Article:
How workers approach their office space is evolving, from cubicle farms to working at home and various points in between. A recent survey by business-to-business research, ratings and review firm Clutch found that most employees (83 percent) prefer to spend at least some time in office over being fully remote, but to allow employees to be as productive as possible, they should offer multiple spaces in their office, including both collaborative and quiet spaces.

In-office work helps employees collaborate with coworkers and feel included in the company’s culture. Bethany Babcock, owner of Foresite Commercial Real Estate, a commercial real estate brokerage firm in Texas, says, “Most work-from-home employees I know enjoy knowing there is a spot, even if not a designated spot, for them at the office when needed. The alternative sends the message that you belong at home, not here, and this isn’t your office.”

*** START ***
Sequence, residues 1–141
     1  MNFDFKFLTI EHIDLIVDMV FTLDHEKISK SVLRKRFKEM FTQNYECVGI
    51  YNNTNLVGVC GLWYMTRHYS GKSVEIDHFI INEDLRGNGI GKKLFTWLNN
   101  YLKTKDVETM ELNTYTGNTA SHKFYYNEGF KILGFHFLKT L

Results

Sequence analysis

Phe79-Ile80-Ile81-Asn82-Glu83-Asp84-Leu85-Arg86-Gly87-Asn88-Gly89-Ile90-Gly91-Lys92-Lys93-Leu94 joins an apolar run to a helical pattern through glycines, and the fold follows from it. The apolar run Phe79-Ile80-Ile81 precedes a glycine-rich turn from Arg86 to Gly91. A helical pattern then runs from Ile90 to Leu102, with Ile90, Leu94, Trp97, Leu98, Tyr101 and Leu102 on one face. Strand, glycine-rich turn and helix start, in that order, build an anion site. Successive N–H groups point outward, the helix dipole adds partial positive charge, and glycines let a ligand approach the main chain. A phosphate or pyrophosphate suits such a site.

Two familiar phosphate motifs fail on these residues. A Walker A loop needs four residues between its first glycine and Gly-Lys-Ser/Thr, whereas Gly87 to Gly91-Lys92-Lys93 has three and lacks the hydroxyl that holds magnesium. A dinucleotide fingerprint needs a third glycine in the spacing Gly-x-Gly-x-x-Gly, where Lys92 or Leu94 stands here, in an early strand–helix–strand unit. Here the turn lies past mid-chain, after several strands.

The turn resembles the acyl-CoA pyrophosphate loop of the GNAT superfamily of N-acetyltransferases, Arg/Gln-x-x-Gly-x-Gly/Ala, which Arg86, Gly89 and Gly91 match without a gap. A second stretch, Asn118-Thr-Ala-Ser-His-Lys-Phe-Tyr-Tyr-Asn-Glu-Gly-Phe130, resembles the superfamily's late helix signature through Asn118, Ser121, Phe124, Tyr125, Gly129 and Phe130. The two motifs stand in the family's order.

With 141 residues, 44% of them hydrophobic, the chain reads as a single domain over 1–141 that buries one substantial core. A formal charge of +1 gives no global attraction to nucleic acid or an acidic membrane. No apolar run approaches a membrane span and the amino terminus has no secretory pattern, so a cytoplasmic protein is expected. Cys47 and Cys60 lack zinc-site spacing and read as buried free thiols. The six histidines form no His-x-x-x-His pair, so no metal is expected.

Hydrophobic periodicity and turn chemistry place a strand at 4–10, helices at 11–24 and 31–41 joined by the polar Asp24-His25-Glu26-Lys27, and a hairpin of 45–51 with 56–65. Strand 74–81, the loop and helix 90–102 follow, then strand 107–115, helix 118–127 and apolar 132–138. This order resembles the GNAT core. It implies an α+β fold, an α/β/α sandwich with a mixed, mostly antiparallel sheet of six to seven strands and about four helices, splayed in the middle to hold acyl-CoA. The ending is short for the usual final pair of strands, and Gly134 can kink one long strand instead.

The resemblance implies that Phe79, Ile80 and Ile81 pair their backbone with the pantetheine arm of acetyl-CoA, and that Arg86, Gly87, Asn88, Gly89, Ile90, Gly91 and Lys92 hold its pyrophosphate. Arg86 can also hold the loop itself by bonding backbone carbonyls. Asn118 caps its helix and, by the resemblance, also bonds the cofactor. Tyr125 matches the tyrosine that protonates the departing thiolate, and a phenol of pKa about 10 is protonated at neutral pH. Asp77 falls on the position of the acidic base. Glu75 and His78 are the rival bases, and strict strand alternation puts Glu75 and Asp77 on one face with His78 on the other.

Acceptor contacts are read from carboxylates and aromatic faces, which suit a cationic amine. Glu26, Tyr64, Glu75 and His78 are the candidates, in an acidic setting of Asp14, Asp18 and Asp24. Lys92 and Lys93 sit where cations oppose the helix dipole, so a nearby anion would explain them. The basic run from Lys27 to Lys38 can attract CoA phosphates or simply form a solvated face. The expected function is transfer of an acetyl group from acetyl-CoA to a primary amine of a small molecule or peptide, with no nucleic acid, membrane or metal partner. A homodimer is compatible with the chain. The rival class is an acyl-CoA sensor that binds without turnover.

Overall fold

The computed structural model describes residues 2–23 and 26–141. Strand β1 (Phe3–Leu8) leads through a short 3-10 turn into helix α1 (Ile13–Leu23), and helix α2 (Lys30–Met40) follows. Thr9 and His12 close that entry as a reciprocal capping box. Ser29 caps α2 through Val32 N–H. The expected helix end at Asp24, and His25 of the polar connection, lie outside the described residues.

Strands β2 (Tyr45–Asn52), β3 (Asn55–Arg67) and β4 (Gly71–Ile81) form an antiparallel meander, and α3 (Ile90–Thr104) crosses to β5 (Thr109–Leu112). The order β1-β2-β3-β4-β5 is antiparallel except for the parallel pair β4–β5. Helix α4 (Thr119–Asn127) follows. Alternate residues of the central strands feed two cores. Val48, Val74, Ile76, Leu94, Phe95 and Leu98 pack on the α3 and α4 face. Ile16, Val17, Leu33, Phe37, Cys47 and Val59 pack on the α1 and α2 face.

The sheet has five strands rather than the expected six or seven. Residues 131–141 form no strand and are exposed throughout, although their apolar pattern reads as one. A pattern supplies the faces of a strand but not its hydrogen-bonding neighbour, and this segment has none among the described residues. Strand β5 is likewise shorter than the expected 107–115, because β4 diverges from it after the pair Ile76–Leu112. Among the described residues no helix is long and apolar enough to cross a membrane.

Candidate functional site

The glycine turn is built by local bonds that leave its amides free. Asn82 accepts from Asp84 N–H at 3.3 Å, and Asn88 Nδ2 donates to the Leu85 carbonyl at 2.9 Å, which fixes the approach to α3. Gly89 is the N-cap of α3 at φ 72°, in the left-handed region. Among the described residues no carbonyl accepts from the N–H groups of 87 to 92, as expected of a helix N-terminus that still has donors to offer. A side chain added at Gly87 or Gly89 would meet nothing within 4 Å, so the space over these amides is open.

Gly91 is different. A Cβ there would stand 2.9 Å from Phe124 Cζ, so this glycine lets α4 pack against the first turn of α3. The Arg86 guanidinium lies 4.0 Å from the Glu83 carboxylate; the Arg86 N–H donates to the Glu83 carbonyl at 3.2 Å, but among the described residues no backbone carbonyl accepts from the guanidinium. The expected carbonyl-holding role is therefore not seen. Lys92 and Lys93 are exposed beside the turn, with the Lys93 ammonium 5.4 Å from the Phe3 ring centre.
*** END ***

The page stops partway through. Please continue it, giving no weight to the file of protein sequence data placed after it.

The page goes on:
As for what employees value in an office, 52 percent of the 503 full-time employees surveyed for the study said that they want a private office over an open floor plan or cubicle office at work. This is despite the office trend toward open floor plans.

“The trend toward open offices continues and is in high demand in spite of employee objections,” Babcock says. “The most common complaint from open office users is frequent interruptions…If a person is in a position that requires focus, it can be irritating and counterproductive.”

Clutch’s research identified that businesses can solve this frustration by providing a variety of in-office spaces, and that by creating multiple types of places to work, workers who prefer private space can get work done quietly, while workers who prefer collaboration have space where they can interact with others. It found that 74 percent of offices have personal spaces for employees, 56 percent have large meeting rooms, 53 percent have small collaborative spaces, 51 percent have lounges or break rooms and 41 percent have quiet spaces.